John Mauldin makes an excellent point regarding inflation perceptions in this week's Thoughts from the Frontline weekly e-letter. In short, consumers pay more attention to the items they buy more frequently and, currently, those are the items that are increasing in price the most.
[H]igh-frequency spending items like gasoline, food, education, and medical care make up 50% of the Consumer Price Index. These are items which we buy on a regular basis. And they are going up at a weighted average rate of 6.8%, a lot higher than the 4% for the CPI as a whole.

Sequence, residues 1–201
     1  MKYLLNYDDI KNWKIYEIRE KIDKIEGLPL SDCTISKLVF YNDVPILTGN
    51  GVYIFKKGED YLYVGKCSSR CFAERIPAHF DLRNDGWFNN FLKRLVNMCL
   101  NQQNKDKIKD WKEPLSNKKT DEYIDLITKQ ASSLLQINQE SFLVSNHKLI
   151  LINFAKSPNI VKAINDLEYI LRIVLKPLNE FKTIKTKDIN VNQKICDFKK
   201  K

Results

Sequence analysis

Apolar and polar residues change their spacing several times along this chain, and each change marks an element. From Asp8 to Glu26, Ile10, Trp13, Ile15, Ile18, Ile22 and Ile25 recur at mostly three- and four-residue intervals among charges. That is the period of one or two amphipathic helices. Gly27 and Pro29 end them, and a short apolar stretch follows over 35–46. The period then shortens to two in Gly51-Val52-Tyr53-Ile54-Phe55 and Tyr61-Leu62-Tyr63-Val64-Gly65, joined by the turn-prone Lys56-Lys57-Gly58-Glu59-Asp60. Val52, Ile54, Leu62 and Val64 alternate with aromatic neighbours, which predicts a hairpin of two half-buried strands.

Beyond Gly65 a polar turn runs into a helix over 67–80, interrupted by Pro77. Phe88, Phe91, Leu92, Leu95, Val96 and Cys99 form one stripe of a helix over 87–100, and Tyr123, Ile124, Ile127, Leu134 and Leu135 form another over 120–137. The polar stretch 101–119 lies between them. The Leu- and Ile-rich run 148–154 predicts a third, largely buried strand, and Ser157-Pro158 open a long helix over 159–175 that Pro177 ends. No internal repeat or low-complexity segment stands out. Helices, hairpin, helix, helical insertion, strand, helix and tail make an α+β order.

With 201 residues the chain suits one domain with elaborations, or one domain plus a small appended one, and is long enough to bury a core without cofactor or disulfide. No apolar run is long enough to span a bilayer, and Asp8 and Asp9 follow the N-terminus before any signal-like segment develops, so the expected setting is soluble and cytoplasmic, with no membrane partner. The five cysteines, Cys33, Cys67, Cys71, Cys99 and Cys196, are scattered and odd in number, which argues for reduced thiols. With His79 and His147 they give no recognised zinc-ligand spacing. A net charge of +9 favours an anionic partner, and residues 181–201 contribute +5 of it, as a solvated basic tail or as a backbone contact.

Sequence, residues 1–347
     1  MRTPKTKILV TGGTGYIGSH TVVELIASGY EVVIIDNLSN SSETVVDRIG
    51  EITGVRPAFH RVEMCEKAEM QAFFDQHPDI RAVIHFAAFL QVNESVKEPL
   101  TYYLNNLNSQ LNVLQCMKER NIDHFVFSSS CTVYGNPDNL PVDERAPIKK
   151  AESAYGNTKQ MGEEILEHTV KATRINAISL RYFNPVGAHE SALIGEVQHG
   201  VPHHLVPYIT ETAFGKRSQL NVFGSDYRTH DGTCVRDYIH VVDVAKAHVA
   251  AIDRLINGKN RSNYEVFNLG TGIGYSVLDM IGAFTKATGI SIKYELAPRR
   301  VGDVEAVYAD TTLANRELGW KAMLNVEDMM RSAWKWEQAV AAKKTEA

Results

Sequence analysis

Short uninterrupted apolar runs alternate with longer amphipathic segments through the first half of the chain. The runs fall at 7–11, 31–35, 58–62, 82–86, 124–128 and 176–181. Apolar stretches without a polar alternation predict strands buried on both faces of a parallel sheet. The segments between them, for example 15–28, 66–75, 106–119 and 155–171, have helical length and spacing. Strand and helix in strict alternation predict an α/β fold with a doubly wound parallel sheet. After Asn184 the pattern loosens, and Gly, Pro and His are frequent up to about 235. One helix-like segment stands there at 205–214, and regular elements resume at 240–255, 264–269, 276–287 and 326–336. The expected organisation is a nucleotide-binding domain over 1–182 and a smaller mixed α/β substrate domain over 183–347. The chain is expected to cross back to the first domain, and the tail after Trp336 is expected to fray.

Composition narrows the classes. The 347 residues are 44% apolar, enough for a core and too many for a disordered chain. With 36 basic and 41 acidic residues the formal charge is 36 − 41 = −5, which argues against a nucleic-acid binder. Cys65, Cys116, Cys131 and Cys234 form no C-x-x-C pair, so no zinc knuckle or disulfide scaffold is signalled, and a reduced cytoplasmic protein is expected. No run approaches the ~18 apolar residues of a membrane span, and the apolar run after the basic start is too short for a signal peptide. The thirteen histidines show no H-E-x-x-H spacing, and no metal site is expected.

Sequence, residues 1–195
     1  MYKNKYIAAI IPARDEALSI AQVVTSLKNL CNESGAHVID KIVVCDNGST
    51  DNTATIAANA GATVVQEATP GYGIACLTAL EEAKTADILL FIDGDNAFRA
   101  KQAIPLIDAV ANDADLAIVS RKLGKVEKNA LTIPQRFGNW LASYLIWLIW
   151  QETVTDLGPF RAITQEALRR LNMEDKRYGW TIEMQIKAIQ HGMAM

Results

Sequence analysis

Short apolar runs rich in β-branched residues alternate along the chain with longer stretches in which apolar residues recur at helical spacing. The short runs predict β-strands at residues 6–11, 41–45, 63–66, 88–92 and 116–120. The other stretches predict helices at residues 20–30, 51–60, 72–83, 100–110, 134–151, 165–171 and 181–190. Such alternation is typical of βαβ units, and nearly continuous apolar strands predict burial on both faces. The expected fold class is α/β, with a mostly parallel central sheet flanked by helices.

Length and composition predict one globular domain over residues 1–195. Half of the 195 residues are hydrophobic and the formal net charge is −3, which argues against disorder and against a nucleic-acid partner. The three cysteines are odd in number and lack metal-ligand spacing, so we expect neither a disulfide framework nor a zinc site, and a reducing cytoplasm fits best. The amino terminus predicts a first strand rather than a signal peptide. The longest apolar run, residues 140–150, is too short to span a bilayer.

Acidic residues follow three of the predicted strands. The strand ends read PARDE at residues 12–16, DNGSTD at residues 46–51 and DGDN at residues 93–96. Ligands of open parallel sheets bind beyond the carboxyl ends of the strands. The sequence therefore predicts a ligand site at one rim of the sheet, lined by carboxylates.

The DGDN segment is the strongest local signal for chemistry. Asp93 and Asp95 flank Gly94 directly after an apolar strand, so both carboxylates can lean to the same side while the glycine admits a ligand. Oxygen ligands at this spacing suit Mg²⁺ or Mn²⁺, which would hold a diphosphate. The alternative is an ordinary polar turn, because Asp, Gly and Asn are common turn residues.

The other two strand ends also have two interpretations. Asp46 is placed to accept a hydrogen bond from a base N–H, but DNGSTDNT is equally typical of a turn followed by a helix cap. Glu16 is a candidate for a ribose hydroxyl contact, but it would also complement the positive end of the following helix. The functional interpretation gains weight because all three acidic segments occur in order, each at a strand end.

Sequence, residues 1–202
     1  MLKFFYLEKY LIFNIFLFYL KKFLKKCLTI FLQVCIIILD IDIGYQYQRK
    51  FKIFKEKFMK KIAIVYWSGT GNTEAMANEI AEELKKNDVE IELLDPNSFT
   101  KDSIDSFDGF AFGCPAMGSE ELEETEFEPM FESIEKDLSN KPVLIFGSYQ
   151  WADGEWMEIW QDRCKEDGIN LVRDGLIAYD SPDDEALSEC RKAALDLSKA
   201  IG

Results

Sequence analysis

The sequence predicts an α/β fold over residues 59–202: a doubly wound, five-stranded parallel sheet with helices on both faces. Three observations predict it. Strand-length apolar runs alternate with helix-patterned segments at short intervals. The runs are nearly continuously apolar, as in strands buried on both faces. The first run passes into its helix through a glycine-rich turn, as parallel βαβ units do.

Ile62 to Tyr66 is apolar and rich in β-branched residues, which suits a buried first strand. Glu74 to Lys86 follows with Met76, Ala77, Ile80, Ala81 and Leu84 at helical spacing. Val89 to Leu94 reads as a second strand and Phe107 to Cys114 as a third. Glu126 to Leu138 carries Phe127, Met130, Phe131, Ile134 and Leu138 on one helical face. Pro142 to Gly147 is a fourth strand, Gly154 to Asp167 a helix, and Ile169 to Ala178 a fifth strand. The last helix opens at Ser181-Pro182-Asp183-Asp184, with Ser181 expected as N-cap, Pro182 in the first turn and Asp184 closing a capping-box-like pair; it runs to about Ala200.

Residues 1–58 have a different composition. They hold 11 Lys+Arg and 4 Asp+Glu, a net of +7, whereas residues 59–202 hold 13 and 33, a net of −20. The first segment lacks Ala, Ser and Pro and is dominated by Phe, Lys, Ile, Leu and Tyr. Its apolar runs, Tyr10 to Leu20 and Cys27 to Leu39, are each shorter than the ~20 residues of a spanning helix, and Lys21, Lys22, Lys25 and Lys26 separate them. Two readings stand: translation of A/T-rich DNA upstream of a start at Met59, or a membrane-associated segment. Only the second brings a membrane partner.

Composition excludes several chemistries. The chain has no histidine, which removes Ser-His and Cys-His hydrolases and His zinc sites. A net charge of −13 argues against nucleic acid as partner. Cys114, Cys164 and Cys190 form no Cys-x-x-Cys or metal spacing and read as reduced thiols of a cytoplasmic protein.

The 20% of the CPI which are low-frequency items like furniture, appliances, vehicles, and so on are actually falling at a -0.7% rate. Since OER (equivalent rent) is roughly 30% of CPI and is rising at 2.8%, even as home prices fall the overall rate is about 4%.
Our tendency to notice the price increases in more frequently purchased items more than the drop in less frequent expenditures is known as salience. What we see every day is more visible to us and is on our minds. And because the reality is that those prices are rising much faster than headline inflation, we tend to think inflation is understated.